It’s that time of year again — students are sleeping less, studying more and questioning if they really need a college degree. That’s right, it’s finals week.

Whether someone is a Chemistry major, or a journalism major like myself, chances are they are counting down the days until winter break, and calculating exactly what grade they need on their final to still pass — C’s get degrees after all, right?

Preparing for finals has become so notorious for contributing to an exponential rise in stress that many students refer to it as “Dead Week."

Dead Week at the University of New Mexico, and many other universities, is a figurative term to describe students’ zombie-like state the week before finals. At some universities, it means a week with little to no school work, and a mental break before a week of tests that will more than likely determine someone’s grade.

This week goes by many different names for universities that grant their students time off: “Reading Week,” “Dead Week,” “Revision Week.”

Whatever it is called, students fought for weeks like these, and most of them are relatively new policies.

Illinois State University began to recognize “Success Week” after the 2012 student body president introduced the idea through their student government. ISU’s policies require professors to not administer any tests or assignments the week before finals that count for more than 10 percent of a student’s grade. This doesn’t eliminate work before finals but it definitely reduces some of the stress for students.

Iowa State University also has policies about the week before finals, which the school calls “Dead Week.” For students, that means no quizzes or tests on Thursday and Friday during this time. Across that campus, no clubs or other organizations are allowed to host official meetings, and dorms implemented “23/7 quiet hours” to help students focus.

Stricter pre-final policies can be found at universities and colleges across the globe. Regent’s University London observes an entire week called “Self-study/Revision Week,” which is a week with no classes or assignments.

No matter what the restrictions are leading up to finals, universities justify their weeks similarly to Iowa State University’s policy that reads, “The intent of this policy is to establish a one-week period of substantial and predictable study time for undergraduate students.”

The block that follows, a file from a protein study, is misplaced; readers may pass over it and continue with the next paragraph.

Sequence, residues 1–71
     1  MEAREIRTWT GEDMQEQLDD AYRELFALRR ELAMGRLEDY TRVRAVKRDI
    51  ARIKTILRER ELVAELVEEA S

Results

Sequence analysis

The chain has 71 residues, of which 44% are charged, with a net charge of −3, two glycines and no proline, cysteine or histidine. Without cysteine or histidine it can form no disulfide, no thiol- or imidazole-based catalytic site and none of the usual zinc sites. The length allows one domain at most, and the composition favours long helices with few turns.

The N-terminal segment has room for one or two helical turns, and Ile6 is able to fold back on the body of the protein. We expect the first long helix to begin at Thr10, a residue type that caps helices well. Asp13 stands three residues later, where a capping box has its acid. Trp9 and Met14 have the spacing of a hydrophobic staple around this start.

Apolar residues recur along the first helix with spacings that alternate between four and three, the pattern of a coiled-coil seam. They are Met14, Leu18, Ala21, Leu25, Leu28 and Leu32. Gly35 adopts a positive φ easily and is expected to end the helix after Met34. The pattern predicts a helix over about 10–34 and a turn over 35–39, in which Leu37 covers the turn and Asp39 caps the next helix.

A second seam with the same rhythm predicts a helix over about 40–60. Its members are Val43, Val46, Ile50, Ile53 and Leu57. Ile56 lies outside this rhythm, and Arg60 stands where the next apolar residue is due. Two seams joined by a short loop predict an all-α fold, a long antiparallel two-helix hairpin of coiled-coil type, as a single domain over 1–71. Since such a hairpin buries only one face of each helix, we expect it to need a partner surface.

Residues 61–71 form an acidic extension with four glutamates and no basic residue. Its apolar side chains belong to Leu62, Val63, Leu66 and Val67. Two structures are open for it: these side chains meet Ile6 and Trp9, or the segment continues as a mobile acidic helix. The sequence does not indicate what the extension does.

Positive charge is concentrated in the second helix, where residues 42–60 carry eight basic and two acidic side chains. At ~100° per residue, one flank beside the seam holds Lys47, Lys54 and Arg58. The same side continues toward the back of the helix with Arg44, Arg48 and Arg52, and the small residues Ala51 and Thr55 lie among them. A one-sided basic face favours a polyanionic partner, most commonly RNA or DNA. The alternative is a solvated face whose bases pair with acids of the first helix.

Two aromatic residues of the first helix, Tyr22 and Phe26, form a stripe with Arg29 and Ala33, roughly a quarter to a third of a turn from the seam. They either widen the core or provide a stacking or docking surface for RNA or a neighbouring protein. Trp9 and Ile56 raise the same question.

These institutions should be used as examples that indicate it is not unheard of or impossible to give students some sort of break before the biggest tests of the semester.

As someone who was previously an Emergency Medicine major and who is currently involved in journalism, I know how stressful final tests and papers can be.

Last semester was a horror story of finals for me personally. I had a chemistry test on a Friday and the final the following Tuesday, which left me sleep-deprived and stressed beyond belief.

This semester, I was fortunate enough to be able to finish my final papers over Thanksgiving break and was finished with classes last Thursday. I realized this was the exception and not the norm for finals.

Seeing people close to me cripple slowly under the stress makes me discouraged. If every semester, students have to endure two weeks that make you question the reasoning behind attending school, what would make people excited to come back?

For me, studying at UNM has been riddled with struggles that have almost made me drop out, and finals certainly have not helped that. But I was fortunate enough to have a support system that kept me going, and I have now found my true passion.

Others are not that lucky.

If giving students a break before arguably the worst week of the semester helps reduce stress and results in improved grades, even if it just means less work than usual weeks, I am stumped as to why UNM has not implemented their own Dead Week policy.

Critics might say that a more relaxed week before finals will only increase a student’s ability to procrastinate, but to that I say, so be it.

If some students choose to be irresponsible during a time meant to help them study, then that’s on them, but some students would use that time to their advantage. Not helping students because of some who might neglect the privilege of a true Dead Week is not a viable reason to not have one at all.

I realize a Dead Week of any sorts would not eliminate the stress and pressure of finals altogether, but relieving even a little bit of that would be beneficial.

Final exams will always be a challenge, as they should be. However, I hope the expectation of the end of the year consisting of a two-week period of mental breakdowns, all nighters and gallons of coffee can be a thing of the past for Lobos.

To all students still working hard the last couple of days — best of luck.

Madison Spratto is a news editor at the Daily Lobo. She can be contacted at or on Twitter @Madi_Spratto.